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Logo of Phnom Penh Post newspaper Phnom Penh Post - Funcinpec II limps into life in Paris

Funcinpec II limps into life in Paris

A RIVAL Funcinpec, true to form to Cambodia's trend of fractured political parties,

was launched in Paris last weekend with more of a whimper than a bang.

Eighteen people attended a so-called "Funcinpec World Congress" to elect

a new party president to 'replace' Prince Norodom Ranariddh.

Nev Se, a congress organizer and newly-elected Secretary-General of the breakaway

group, claimed nearly 300 proxy votes were also sent by Funcinpec members in Cambodia,

France and Canada.

The new Funcinpec "president" is Suos Pom, a 50-year-old midwife, who is

also a member of Sam Rainsy's Khmer Nation Party (KNP).

Rainsy, widely believed to be supporting the Funcinpec renegades, denied any direct

link to them.

Most significant was the absence from the congress of Funcinpec's former Secretary-General

Prince Norodom Siri-vudh, in exile in Paris, after he had been touted as a candidate

for the president's position.

The location of the July 21 congress was changed to a bigger venue at the last minute

because of expectations that "more than 200 people" would attend, Nev Se

told a Post correspondent in Paris.

However, he said the actual turnout totaled 18 people - four organizers and 14 others

- although 203 proxy votes were sent from Cambodia, 44 from France and two or three

from Canada.

Rejecting any suggestion of disappointment at the result, Nev Se said that "this

is the beginning of the unrest within Funcinpec" and little by little "the

real Funcinpec" would join the mavericks.

Congress participants, all described as card-holding Funcinpec members, amended party

by-laws to make them "truly democratic" and declared their lack of confidence

in Ranariddh.

They reaffirmed loyalty to King Norodom Sihanouk, Funcinpec's founder, and appealed

to "all Cambodian patriotic and democratic" forces to unite to "overthrow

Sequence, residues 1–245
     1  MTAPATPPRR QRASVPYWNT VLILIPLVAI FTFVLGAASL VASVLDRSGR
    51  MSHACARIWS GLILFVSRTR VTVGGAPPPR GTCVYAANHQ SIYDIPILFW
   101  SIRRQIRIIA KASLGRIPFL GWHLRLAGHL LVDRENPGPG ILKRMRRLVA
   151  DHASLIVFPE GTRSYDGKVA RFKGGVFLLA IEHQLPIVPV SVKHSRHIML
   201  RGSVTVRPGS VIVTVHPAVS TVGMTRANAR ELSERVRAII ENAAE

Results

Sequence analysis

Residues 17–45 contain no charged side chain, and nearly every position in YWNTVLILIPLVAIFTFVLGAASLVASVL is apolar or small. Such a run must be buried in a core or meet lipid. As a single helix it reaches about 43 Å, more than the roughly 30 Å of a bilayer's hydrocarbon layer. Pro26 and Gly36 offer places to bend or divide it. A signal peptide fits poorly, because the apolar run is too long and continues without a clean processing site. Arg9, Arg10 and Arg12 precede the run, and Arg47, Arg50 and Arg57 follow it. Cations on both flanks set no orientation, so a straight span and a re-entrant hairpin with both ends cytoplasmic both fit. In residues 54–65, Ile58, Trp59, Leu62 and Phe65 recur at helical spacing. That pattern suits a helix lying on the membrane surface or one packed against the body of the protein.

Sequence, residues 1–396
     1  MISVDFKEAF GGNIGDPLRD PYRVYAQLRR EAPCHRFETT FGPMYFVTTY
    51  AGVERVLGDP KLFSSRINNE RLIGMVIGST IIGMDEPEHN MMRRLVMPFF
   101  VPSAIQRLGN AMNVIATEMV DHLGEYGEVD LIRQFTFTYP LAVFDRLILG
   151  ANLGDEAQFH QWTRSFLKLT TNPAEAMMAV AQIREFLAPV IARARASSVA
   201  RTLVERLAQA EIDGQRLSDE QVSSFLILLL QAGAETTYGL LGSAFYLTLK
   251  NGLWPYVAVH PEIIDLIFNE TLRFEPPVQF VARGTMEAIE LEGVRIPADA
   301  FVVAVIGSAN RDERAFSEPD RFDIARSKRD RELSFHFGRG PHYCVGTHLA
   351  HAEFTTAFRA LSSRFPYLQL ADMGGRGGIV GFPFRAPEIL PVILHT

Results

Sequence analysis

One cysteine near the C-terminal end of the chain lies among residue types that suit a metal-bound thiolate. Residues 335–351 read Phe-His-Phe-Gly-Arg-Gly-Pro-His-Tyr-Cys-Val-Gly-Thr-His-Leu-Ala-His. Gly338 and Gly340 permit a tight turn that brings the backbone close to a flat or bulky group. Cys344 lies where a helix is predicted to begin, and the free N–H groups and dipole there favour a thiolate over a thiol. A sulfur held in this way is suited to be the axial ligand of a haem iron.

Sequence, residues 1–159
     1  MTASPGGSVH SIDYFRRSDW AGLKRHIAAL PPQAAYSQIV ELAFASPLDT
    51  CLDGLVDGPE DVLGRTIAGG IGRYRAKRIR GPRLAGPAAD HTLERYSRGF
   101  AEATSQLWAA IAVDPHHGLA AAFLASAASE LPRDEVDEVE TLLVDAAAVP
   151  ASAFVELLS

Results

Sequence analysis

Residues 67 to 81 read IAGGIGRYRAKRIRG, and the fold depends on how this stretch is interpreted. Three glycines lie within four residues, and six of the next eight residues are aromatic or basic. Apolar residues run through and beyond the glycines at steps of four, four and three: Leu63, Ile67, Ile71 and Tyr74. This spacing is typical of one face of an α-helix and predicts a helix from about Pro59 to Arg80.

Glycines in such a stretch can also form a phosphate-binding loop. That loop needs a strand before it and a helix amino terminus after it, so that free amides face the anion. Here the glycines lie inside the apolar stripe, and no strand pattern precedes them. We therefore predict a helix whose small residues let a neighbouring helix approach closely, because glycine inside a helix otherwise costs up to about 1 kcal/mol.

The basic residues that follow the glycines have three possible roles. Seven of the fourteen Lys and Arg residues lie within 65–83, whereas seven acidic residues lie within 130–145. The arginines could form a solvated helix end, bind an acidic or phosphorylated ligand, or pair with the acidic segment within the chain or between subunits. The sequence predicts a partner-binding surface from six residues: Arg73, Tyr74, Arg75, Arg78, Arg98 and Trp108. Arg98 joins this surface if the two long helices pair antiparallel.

the totalitarian communist regime which serves foreign interests."

Suos Pom was elected Funcinpec president, with Sun Samphi as vice-president and Nev

Se secretary-general.

Sam Rainsy, in Phnom Penh, confirmed that several in the breakaway group, including

Suos Pom, were members of KNP.

Denying any "official involvement on the part of KNP's leadership in the internal

affairs of Funcinpec", he said any KNP members involved with the congress were

acting as "individuals."

Some 70 percent of KNP members also belonged to Funcinpec, he said, and "they

are entitled to contest the Funcinpec leadership, but under their Funcinpec hat."

Earlier, the congress had been announced in a unsigned statement sent by facsimile

from the KNP in Phnom Penh.

The statement, warning that Funcinpec was headed for disaster under Ranariddh, said

Sirivudh had been "approached" to be a presidential candidate at the congress.

But Sirivudh did not attend. Repeated Post efforts to contact him for comment in

Paris were unsuccessful.

However, Rainsy told a Phnom Penh press conference that Sirivudh had earlier told

him he was ready to head an alliance of opposition groups.

Sirivudh - exiled last year over an alleged plot to kill Hun Sen - also said that

he was prepared to return home and go to prison if need be, according to Rainsy.

Funcinpec officials in Phnom Penh reacted angrily to the Paris congress, issuing

a statement urging journalists to stop reporting "groundless" information

about a Funcinpec split.

The statement affirmed that there was only one Funcinpec party, founded by the King

and led by Ranariddh.

Political observers, meanwhile, said a key issue was whether the King would denounce

the breakaway group for using Funcinpec's name.

Ranariddh's Cabinet chief, Ly Thuch, said: "The King is neutral and independent.

He doesn't need to make any comment. He is above the party, and he knows that his

son is a good leader of Funcinpec."

The only hint of the King's views were included in the latest monthly bulletin issued

by the Palace, which included a copy of the statement announcing the congress and

newspaper clippings about it.

In handwritten annotations to the statement, the King wrote that the ancient Khmer

Empire and that of Angkor would not have survived if Cambodians had quarreled and

fought each other.

Once Khmers started to become divided, he wrote, Cambodia had begun its long decline.

In notes written on a newspaper clipping, the King suggested the congress was a "coup

de Jarnac" ("decisive and unexpected blow", according to the Oxford

Hachette French dictionary) by the "Rainsy-ists."

Next to a quote from a Funcinpec official that the party was "not afraid"

of the congress, the King wrote: "Not afraid. Bravo! Worried? Not even, I think!"



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